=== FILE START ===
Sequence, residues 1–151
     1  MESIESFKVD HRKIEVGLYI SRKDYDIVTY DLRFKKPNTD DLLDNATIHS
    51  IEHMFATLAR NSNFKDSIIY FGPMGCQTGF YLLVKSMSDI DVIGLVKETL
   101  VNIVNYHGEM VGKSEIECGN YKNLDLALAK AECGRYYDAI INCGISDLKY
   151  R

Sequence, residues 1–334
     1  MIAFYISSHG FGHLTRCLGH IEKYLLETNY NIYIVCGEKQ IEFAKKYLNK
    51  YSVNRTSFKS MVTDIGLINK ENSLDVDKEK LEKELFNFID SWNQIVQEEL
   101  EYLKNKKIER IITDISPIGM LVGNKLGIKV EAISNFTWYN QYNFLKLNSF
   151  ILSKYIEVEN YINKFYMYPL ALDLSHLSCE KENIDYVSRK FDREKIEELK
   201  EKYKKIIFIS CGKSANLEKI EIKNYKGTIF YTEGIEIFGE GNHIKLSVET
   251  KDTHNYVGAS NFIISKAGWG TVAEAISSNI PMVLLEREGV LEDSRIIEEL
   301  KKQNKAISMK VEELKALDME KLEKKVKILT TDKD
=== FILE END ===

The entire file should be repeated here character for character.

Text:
Sequence, residues 1–151
     1  MESIESFKVD HRKIEVGLYI SRKDYDIVTY DLRFKKPNTD DLLDNATIHS
    51  IEHMFATLAR NSNFKDSIIY FGPMGCQTGF YLLVKSMSDI DVIGLVKETL
   101  VNIVNYHGEM VGKSEIECGN YKNLDLALAK AECGRYYDAI INCGISDLKY
   151  R

Sequence, residues 1–334
     1  MIAFYISSHG FGHLTRCLGH IEKYLLETNY NIYIVCGEKQ IEFAKKYLNK
    51  YSVNRTSFKS MVTDIGLINK ENSLDVDKEK LEKELFNFID SWNQIVQEEL
   101  EYLKNKKIER IITDISPIGM LVGNKLGIKV EAISNFTWYN QYNFLKLNSF
   151  ILSKYIEVEN YINKFYMYPL ALDLSHLSCE KENIDYVSRK FDREKIEELK
   201  EKYKKIIFIS CGKSANLEKI EIKNYKGTIF YTEGIEIFGE GNHIKLSVET
   251  KDTHNYVGAS NFIISKAGWG TVAEAISSNI PMVLLEREGV LEDSRIIEEL
   301  KKQNKAISMK VEELKALDME KLEKKVKILT TDKD